“Amy” also calls into question how we deal with celebrities whose lives are spinning out of control. Winehouse became a punchline for comedians as her woes continued endlessly, and what might have seemed funny while she was alive now seems cruel in retrospect. Perhaps we are numbed to the suffering of celebrities as we have many examples of famous peoples’ lives getting cut short from one generation to the next, but it also shows the pleasure many took in her self-degradation. Now you may say she brought this all on herself, but did she really?
It’s horrifying and ultimately heartbreaking to see Winehouse in her last days as such a gaunt and unhealthy looking person. Many have called her a nasty diva but, as Kapadia shows here, she was really trying to escape the constant glare of the media and attention she never set out to get. At the last concert she did before her death, one she did not want to do, she refused to sing a single note even as the crowd mercilessly booed her. From a distance this looks like the antics of a spoiled pop star, but it was an act of defiance on her part as she was struggling to escape the famous persona which had been thrust upon her. Sadly, she found the escape through death.
Now I may be making “Amy” sound like a truly depressing cinematic experience, but while it is heartbreaking, it is also joyful as well. Winehouse was an exceptionally gifted singer, and hearing her voice when it is not being backed up by a band is jaw-dropping to witness. She really did have one hell of a voice. Also, Kapadia pays close attention to the lyrics she wrote and how autobiographical they proved to be. After watching “Amy,” it will be impossible to look at any of her songs the same way again.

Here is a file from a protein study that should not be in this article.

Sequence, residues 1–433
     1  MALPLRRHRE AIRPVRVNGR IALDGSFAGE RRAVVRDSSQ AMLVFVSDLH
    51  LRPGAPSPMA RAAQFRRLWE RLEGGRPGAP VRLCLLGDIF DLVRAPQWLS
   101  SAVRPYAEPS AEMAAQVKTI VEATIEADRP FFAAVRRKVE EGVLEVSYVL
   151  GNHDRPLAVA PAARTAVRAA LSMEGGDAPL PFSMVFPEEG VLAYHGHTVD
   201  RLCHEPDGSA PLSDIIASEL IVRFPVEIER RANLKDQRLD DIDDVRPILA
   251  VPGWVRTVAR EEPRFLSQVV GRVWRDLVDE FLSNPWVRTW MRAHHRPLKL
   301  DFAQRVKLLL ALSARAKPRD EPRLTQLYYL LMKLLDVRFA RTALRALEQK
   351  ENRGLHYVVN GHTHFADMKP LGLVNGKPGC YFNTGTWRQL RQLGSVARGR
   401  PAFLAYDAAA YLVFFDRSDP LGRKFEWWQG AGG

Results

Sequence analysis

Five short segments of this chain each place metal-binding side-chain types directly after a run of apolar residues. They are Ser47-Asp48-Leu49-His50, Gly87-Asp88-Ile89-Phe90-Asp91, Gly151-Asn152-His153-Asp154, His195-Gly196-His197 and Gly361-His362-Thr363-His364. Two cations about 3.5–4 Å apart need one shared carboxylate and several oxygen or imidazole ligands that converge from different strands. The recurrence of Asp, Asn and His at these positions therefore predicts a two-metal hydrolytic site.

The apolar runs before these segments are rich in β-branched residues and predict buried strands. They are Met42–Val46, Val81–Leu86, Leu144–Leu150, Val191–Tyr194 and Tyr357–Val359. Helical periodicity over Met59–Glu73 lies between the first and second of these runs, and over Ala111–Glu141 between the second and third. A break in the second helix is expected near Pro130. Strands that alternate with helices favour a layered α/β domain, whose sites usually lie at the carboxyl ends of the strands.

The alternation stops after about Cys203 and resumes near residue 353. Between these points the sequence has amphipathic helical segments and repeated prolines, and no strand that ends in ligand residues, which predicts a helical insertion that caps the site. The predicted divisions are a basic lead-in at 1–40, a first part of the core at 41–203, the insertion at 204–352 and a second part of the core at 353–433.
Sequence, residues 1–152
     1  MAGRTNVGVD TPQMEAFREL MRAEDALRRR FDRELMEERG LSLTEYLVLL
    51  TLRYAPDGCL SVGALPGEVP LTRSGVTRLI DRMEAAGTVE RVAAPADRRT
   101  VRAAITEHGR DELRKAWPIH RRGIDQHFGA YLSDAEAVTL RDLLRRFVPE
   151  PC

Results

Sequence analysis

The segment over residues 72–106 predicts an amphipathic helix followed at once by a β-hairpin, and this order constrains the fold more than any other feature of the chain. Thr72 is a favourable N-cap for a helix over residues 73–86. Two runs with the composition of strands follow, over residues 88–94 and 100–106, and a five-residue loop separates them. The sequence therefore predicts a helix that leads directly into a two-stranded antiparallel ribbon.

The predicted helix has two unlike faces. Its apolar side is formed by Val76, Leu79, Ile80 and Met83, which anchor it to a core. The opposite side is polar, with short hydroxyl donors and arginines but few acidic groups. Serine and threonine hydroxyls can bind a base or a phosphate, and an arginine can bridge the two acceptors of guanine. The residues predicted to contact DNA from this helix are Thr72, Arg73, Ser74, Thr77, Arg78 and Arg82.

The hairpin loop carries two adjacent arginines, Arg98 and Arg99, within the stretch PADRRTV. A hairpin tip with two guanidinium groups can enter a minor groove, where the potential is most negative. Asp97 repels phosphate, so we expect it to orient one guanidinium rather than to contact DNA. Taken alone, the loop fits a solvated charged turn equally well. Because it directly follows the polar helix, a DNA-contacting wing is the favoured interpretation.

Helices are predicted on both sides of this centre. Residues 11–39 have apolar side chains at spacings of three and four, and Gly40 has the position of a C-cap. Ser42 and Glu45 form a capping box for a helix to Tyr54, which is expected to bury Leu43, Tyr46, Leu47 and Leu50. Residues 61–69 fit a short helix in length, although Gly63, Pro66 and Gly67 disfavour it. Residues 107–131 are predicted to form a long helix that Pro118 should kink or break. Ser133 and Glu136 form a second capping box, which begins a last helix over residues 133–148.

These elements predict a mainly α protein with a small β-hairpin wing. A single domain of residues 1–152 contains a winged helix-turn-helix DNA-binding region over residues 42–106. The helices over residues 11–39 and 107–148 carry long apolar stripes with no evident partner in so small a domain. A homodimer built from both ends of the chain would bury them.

There are wonderful moments when Winehouse performs in London for the Grammys after getting clean and sober, and it’s great to see her excitement when Tony Bennett comes onstage. When she ends up winning a Grammy, the theater she’s in bursts into applause and cheers, and it’s exhilarating to see everyone’s reactions as all the hard work paid off in a great way. Of course, this moment is also tinged with sadness as we know this will be the last true moment of happiness in Winehouse’s life.
Granted, “Amy” has been dealing with some controversy as her family has blasted the documentary as being inaccurate. Her father, Mitch, has been especially critical as he feels the filmmakers portrayed him in a very negative light. Mitch, in all fairness, has a right to feel this way, but Kapadia has given us an objective look at him and everyone else featured in a way which doesn’t moralize or demonize anyone. Any faults of Mitch shown onscreen are his to own up to, but at least the movie doesn’t show him as being completely absent throughout his daughter’s life.
For what it’s worth, Mitch comes off a lot better than her daughter’s ex-husband, Blake Fielder-Civil, who openly admits to introducing Winehouse to crack cocaine and heroin. The fact he admits this to Kapadia in an interview is astonishing, and it makes clear he is the one with the higher price to pay for Winehouse’s demise.
I’ve watched a number of documentaries recently which have been very entertaining, but many of them dig only so deep or touch at the surface of their subject’s life. It’s like there’s something missing which makes the whole endeavor seem like a loss opportunity when you look back on it. But “Amy” proves to be one of the very best documentaries in the past few years as it examines its subject objectively and without fear, and it leaves no stone unturned as it uncovers the many aspects of this troubled singer’s personality.
Just as he did with “Senna,” Kapadia has made “Amy” as a way to get to know this famous personality in a way we never had before. It’s like he has brought her back to life for a short time to where it feels like she never left, and it is nice to see her portrayed in such a way more befitting to who she was as an individual instead of how she was as a worldwide famous celebrity.
It was nice to meet you, Ms. Winehouse. Sorry you couldn’t stay with us a little while longer.